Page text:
Re: Dangling else

"Russ Cox" <rsc@swtch.com>
24 Feb 2006 13:20:47 -0500

          From comp.compilers

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From: "Russ Cox" <rsc@swtch.com>
Newsgroups: comp.compilers
Date: 24 Feb 2006 13:20:47 -0500
Organization: Compilers Central
References: 06-02-154
Keywords: parse, design

> I have a silly suggestion--avoid the whole problem. The dangling-else
> syntax problem was solved over 40 years ago. But apparently the one
> time exercise of adding the extra productions is too burdensome, so
> we must instead use ever more complicated rules for parser generators.
>
> The first language with CF grammar specified, Algol-60, managed to
> to show how to parse expressions according to precedence and
> associativity by simply writing the rules a particular way. But again
> this is too burdensome; instead it is better to add all these
> obscure %xyzzy directives to parser generators.


Early programmers managed to show how to write programs with
conditionals and loops and function calls simply writing their
programs a particular way. But apparently the one time exercise of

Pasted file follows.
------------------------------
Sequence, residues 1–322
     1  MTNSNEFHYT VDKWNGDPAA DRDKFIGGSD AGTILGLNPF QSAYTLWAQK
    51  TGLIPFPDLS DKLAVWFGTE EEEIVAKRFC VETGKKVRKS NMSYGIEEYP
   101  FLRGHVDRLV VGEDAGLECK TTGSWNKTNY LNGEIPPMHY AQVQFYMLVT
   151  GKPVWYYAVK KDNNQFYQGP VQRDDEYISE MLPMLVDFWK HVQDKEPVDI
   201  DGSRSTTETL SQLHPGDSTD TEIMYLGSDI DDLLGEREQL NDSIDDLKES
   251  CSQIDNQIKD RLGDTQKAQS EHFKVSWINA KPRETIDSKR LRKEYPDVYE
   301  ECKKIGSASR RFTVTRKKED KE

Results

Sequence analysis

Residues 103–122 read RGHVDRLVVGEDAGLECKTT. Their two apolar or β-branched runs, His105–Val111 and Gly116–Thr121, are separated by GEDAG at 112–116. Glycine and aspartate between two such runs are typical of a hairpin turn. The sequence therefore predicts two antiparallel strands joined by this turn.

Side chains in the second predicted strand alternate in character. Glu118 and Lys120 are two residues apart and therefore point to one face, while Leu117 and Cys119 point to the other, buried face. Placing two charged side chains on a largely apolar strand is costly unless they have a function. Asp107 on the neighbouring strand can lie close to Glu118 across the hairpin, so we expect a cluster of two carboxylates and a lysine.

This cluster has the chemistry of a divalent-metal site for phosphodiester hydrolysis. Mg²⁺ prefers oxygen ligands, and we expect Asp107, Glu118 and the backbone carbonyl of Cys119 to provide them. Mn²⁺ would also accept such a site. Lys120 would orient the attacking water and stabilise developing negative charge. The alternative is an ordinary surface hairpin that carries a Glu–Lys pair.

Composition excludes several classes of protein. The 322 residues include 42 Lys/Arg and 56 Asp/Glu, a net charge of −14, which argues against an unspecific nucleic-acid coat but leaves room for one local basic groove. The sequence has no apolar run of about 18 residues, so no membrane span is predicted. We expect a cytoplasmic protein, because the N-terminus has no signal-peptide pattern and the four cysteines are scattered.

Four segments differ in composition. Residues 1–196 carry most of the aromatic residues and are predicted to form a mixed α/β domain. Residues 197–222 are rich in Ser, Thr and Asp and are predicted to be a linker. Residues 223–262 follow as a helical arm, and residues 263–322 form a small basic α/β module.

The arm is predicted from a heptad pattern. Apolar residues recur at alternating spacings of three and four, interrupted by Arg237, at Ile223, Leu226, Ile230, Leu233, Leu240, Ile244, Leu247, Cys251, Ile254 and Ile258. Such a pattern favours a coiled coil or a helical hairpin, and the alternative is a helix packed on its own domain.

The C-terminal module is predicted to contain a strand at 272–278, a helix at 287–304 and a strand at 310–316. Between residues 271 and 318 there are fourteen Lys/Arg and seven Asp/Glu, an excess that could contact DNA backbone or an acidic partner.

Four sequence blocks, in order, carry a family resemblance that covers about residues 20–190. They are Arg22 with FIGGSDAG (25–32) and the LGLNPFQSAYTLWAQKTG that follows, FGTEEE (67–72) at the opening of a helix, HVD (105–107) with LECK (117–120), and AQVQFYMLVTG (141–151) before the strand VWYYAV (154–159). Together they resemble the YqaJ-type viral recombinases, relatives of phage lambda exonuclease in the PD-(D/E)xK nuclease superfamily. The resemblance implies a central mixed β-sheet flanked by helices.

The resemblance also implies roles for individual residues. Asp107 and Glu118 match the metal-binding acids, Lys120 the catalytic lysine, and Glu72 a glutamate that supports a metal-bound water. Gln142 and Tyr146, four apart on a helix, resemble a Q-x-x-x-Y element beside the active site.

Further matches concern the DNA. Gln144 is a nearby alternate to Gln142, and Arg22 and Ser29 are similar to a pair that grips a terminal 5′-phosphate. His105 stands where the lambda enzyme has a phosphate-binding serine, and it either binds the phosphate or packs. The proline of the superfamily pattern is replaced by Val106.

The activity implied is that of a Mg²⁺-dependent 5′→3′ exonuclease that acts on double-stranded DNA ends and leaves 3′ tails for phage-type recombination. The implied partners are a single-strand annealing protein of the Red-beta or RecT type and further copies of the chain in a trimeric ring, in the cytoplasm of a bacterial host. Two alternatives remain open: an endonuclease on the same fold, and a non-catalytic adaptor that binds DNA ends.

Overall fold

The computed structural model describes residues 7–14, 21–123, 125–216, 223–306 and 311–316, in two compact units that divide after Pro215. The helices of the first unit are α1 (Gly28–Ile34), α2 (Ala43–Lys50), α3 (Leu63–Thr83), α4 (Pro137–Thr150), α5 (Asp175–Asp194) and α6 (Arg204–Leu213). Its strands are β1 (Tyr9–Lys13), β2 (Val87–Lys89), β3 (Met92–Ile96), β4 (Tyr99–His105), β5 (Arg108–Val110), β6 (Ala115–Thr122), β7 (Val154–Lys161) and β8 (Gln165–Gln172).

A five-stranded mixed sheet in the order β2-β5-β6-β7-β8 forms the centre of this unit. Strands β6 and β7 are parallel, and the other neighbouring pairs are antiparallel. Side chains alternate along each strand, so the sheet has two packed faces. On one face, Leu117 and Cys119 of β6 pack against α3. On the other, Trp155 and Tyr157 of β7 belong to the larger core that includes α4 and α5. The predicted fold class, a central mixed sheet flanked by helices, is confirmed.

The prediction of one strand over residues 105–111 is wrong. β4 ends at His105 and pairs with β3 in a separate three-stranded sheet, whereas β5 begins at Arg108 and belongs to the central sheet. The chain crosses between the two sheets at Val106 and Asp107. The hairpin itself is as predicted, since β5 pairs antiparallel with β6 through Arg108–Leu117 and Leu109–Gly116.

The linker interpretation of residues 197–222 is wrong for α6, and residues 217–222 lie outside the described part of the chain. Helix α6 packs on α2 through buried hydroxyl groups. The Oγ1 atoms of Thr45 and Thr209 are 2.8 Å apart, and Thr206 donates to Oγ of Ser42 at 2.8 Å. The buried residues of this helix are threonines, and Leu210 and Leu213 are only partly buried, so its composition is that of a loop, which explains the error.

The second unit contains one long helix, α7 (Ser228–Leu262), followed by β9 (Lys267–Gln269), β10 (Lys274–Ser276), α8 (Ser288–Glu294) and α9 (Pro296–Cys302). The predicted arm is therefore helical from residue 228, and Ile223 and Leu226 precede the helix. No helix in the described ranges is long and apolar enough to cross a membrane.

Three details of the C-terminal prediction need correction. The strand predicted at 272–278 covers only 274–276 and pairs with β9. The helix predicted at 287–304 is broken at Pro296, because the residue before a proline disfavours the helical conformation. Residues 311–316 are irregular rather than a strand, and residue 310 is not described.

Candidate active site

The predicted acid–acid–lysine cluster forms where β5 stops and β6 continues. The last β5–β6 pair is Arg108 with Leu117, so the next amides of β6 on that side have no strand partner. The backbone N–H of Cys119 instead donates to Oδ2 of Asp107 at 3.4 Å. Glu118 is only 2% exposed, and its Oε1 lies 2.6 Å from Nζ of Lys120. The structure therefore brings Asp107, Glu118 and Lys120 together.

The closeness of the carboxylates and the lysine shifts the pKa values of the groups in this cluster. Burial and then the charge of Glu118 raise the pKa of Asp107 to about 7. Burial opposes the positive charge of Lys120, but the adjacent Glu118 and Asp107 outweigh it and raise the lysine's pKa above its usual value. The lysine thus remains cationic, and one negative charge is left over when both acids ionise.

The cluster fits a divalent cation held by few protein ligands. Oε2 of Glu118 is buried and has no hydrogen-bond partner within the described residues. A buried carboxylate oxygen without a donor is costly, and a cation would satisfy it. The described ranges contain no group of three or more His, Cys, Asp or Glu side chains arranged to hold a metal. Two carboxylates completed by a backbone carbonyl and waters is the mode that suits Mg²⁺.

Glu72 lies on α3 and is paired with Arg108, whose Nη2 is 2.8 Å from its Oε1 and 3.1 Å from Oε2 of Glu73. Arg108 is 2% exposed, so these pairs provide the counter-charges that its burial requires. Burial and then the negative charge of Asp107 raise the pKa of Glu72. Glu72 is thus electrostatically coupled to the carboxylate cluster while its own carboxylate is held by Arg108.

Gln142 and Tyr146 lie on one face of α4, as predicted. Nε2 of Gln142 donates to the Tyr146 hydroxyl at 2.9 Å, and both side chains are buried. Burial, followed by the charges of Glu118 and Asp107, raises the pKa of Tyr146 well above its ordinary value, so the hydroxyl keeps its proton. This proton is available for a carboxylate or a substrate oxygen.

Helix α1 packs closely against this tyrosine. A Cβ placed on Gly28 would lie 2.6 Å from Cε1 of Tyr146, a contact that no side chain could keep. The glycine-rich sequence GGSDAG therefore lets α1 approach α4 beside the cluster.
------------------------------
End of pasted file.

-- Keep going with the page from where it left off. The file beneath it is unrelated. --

adding these particular GOTO statements is too burdensome, so we must
instead use ever more complicated flow-control constructs for
programming languages.




I find the "make the programmer do it" approach to precedence
completely unsatisfying. I'd rather just have "expression" and then
give a list of operator precedences somewhere than have to compile the
precedences into the grammar by hand with "postfix_expression",
"cast_expression", "unary_expression", etc. Creating the equivalent
no-precedence-table version of a grammar is a completely mechanical
and tedious transformation that a well-written computer program is
much less likely to make a mistake doing than a human.


It doesn't make any sense at all to me to say, as the ANSI C grammar does:


relational_expression
: shift_expression
| relational_expression '<' shift_expression
| relational_expression '>' shift_expression
| relational_expression '>=' shift_expression
| relational_expression '<=' shift_expression


Should I really have to know, when writing the relational_expression
rules, that shift_expression is the next level down in the precedence
hierarchy? What if some new operator comes along later that I want
to put between them? Then I have to go find all the rules that implicitly
"know" that shift comes after relational.


If there's a precedence table, I just add the new "expression" rules
and then insert a new line in the precedence table. How is this a bad
thing?


Russ


[I don't know anyone who thinks that C's million levels of precedences
are a good idea. Back in the 1950s, it seemed reasonable in Fortran
for exponentiation to bind tighter than multiplication and division
which bound tighter than addition and subtraction, in line with most
mathemetical notation, and then it got away from us. How do you like
the APL rule that everything binds and associates the same? -John]



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